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Are you really anonymous?

There’s an article entitled,  Social Security, in the July/August edition of MIT Tech Review. (I’m behind in my reading so just catching up, I plan on starting to read the next one on the train ride home). First off, misleading title. The article has nothing to do with the federal retirement program that will be insolvent and have no funds to pay me when I am 65, 67, 70 or 75. Now to the meat of my thoughts on the article.

The article discusses the concept of Anonymous social software and goes on regarding research that has found that using data mining techniques on your social network, one can be personally identified. Pretty interesting. But not surprising. So let’s go back to the concept: Anonymous Social Software. I am not sure I really “follow” the concept. (pun intended).

People who blog anonymously. This I can understand. You can write all on your own, not disclose it is you to anyone and take active steps to not get identified. A great example is Fake Steve Jobs who had quite a run writing a blog without being personally identified. However, without fostering a commenting dialog, I can posit that blogging is not social software, it is simply a publishing platform. Once you begin an interaction (a conversation) do you really enter the realm of social software.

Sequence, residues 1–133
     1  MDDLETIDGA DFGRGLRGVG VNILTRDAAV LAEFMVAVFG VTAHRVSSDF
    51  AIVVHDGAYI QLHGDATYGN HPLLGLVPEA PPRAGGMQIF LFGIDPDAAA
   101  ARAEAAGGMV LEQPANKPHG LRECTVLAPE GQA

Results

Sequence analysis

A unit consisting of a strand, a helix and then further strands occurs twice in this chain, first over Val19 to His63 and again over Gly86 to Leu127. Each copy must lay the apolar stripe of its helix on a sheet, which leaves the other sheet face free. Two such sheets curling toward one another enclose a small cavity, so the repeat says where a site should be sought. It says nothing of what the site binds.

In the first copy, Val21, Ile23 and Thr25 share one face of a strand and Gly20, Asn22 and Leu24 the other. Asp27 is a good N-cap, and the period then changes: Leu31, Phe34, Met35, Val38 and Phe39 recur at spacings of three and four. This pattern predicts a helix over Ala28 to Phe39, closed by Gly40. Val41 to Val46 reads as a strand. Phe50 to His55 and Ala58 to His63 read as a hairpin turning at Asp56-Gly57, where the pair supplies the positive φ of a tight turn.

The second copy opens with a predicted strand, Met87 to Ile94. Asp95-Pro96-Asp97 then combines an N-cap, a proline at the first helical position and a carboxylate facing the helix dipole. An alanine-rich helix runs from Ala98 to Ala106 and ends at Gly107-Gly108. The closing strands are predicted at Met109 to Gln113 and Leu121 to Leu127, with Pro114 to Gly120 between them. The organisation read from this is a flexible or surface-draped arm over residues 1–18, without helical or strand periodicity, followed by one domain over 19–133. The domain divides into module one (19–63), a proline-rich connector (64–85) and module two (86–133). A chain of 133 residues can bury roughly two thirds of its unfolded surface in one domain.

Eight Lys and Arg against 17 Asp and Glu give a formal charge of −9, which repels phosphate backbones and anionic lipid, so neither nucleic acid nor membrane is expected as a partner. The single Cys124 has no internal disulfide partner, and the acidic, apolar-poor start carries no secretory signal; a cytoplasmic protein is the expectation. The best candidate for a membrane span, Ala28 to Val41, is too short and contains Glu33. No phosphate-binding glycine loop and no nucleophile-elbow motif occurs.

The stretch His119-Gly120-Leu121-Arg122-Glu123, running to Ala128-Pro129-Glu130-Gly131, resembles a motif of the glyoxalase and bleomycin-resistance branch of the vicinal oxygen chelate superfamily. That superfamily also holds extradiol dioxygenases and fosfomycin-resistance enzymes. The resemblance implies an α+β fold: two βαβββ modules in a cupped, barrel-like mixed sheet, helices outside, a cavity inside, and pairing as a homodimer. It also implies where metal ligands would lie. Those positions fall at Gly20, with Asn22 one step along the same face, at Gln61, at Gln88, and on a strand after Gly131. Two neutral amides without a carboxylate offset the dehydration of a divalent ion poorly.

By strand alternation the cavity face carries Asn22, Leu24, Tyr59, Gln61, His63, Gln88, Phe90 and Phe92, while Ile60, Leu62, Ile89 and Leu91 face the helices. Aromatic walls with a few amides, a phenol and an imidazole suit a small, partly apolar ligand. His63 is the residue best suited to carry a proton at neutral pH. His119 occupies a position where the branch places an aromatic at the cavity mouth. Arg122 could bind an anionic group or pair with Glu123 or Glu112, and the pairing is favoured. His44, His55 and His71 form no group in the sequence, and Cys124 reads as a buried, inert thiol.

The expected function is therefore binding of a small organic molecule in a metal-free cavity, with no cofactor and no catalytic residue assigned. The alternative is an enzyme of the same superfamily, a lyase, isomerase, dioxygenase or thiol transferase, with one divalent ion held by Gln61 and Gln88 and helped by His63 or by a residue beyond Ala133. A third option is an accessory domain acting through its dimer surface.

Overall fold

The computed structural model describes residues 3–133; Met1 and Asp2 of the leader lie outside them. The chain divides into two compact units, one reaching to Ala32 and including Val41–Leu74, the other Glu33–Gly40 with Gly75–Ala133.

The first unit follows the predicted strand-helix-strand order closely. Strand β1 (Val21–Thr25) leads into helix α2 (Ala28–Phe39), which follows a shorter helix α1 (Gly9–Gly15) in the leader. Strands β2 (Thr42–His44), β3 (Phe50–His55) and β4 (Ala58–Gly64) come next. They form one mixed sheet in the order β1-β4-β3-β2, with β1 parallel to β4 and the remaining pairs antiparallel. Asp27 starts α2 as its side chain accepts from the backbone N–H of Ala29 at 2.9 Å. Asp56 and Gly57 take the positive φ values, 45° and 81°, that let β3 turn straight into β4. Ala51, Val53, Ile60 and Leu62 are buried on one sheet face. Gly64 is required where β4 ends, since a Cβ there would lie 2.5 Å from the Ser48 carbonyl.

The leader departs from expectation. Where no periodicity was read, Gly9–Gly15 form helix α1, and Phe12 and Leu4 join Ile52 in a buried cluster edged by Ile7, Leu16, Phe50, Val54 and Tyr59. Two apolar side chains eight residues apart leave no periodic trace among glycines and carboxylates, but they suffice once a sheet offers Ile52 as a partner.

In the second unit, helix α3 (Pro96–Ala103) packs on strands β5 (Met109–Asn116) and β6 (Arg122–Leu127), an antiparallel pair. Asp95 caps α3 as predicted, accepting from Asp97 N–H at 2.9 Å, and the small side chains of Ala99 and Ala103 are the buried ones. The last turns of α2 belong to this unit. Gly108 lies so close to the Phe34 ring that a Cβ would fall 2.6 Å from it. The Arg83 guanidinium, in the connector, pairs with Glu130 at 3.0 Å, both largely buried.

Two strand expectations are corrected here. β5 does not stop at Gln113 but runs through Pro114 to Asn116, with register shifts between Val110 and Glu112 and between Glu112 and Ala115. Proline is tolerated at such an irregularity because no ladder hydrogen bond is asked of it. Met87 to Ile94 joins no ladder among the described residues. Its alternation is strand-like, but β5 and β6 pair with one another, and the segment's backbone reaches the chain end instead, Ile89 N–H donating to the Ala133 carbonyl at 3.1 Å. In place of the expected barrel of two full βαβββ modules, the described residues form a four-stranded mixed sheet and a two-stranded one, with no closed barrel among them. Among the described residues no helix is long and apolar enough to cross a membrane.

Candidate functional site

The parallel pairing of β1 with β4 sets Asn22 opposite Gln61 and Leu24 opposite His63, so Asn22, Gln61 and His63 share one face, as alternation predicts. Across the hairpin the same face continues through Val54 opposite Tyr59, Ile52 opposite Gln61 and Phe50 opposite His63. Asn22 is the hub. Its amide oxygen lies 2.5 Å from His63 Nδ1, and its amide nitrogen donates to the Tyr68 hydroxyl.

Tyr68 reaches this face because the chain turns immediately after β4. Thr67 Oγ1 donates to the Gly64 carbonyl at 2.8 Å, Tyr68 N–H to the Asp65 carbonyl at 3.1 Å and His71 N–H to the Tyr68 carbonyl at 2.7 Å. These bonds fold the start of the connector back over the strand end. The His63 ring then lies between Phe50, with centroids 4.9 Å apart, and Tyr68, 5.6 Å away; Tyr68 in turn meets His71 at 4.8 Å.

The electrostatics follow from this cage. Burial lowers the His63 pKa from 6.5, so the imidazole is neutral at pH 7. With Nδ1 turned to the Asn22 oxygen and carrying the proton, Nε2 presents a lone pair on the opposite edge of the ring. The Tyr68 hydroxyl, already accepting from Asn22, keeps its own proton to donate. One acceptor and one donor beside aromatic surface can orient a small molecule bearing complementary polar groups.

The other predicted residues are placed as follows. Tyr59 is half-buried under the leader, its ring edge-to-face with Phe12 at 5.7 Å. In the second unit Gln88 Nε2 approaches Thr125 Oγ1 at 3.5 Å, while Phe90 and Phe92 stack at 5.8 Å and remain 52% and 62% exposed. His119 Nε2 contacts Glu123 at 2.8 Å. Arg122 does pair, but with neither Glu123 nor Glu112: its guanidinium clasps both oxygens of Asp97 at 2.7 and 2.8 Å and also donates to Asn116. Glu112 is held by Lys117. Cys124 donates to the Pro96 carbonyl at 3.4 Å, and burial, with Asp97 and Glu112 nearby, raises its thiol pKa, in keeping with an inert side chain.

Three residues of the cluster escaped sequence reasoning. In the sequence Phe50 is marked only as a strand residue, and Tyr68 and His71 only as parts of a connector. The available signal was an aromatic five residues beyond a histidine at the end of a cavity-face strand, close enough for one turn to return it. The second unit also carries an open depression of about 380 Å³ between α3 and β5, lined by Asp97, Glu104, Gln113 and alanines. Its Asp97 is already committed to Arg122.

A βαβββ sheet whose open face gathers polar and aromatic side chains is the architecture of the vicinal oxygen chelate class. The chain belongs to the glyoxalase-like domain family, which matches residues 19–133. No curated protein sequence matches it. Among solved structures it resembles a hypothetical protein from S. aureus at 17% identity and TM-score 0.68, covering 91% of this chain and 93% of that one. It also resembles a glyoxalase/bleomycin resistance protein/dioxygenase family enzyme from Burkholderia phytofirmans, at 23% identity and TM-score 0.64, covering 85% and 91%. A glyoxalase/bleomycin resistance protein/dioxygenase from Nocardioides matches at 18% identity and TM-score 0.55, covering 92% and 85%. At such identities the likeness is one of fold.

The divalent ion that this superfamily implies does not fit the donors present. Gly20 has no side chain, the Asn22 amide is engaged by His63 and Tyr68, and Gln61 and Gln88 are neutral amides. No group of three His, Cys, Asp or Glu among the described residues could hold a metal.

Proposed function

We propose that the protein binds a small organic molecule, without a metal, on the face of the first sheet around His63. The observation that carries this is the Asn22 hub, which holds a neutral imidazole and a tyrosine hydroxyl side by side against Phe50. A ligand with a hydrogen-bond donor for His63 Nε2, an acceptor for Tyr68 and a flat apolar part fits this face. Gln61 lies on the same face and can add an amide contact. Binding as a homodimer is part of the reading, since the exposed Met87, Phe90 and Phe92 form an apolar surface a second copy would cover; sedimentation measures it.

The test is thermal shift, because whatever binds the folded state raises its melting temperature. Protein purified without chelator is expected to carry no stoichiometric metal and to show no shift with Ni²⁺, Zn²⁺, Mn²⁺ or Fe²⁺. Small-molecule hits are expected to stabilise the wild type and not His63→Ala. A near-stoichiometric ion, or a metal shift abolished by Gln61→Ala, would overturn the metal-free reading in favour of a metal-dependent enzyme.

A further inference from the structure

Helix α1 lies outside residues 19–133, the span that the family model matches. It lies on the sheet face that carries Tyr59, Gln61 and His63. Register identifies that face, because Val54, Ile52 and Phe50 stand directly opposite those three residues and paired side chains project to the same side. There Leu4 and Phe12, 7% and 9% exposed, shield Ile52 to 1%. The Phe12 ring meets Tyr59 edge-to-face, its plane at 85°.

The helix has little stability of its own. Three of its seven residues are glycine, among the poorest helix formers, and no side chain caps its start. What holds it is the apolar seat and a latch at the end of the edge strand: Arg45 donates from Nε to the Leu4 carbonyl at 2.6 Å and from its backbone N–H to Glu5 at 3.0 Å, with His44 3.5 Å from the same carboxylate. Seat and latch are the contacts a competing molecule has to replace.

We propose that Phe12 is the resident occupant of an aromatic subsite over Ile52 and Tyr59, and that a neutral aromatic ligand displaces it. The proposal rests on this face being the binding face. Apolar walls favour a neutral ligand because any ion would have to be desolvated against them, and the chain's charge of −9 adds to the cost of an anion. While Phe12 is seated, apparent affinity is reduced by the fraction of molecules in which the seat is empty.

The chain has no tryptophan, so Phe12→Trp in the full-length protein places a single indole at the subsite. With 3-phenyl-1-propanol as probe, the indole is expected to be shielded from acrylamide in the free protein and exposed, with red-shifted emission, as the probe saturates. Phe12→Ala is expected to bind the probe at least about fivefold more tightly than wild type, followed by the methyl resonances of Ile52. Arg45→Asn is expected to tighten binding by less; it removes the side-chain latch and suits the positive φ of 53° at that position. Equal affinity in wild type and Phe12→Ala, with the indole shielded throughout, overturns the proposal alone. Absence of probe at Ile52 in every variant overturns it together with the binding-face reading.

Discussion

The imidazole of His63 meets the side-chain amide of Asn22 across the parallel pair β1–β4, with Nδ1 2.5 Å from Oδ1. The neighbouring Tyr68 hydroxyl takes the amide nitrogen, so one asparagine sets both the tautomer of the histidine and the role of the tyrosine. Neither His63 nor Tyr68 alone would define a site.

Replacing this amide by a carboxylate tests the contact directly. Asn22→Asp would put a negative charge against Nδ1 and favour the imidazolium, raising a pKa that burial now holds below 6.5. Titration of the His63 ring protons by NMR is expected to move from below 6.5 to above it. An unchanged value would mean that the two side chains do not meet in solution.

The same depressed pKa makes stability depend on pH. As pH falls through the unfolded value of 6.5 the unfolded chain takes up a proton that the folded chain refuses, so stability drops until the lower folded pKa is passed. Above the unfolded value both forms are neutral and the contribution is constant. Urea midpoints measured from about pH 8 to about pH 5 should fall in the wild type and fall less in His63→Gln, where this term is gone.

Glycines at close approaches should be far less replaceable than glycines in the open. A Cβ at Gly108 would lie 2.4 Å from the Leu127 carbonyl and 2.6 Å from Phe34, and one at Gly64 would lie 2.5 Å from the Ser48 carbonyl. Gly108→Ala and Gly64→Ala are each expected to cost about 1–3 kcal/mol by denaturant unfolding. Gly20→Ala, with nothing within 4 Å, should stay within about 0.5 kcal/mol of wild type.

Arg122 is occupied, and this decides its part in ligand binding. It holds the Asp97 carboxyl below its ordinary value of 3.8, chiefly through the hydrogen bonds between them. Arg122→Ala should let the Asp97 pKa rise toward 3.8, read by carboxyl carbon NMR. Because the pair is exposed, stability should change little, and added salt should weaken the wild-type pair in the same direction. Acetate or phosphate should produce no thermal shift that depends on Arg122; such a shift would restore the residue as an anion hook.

So, can people really be anonymous and use social software. People who want to remain anonymous take strides to not release any more information than they have to not give themselves away. In most cases, this is precisely the opposite of what one tries to accomplish with social software. The point is to interact, to follow. And of course every connection in of itself is additional information that narrows the focus on who you could be. Back on the Fake Steve Jobs, even Daniel Lyons couldn’t not remain anonymous. His writing style alone eventually gave him away.

Another subtle point is the article discussed security and anonymity as if they are one in the same thing. However, security and anonymity are not the same thing nor should they be. Whether identified or not, people want their system and data secure. I am not anonymous writing this article but I want the article to be secure. The same goes for my newsfeed on Facebook or my stream on Twitter. If you want security, use the web privately, private rooms, storage, feeds, etc. Yes, there is the raging “security of cloud computing” conversation going on but that is fully another topic and one which I believe will resolve itself.

The big question people should be asking themselves is why are they trying to remain anonymous? This issue has existed since the days of mainstream message boards and chat rooms. You are going on the web and posting information fully out in the public. A “handle” isn’t security. CEOs of publicly traded grocery store chains even know this.

My view is if you are venturing out and going to interact on the web, you have to have a comfort of living in public. Fred Wilson had a great commentary on this. It is something that everyone posting information should consider. It is much more about your own personal attitude and approach than whether the software/meme should be maintaining your anonymity. Sure many will disagree with me. I’m just not sold that you can have one without the other.

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  • jkennett

    I enjoyed post by close personal friend Lou Paglia. I would have called it “SOCIAL (media) SECURITY” “Are You Anonymous?”

    This comment was originally posted on Twitter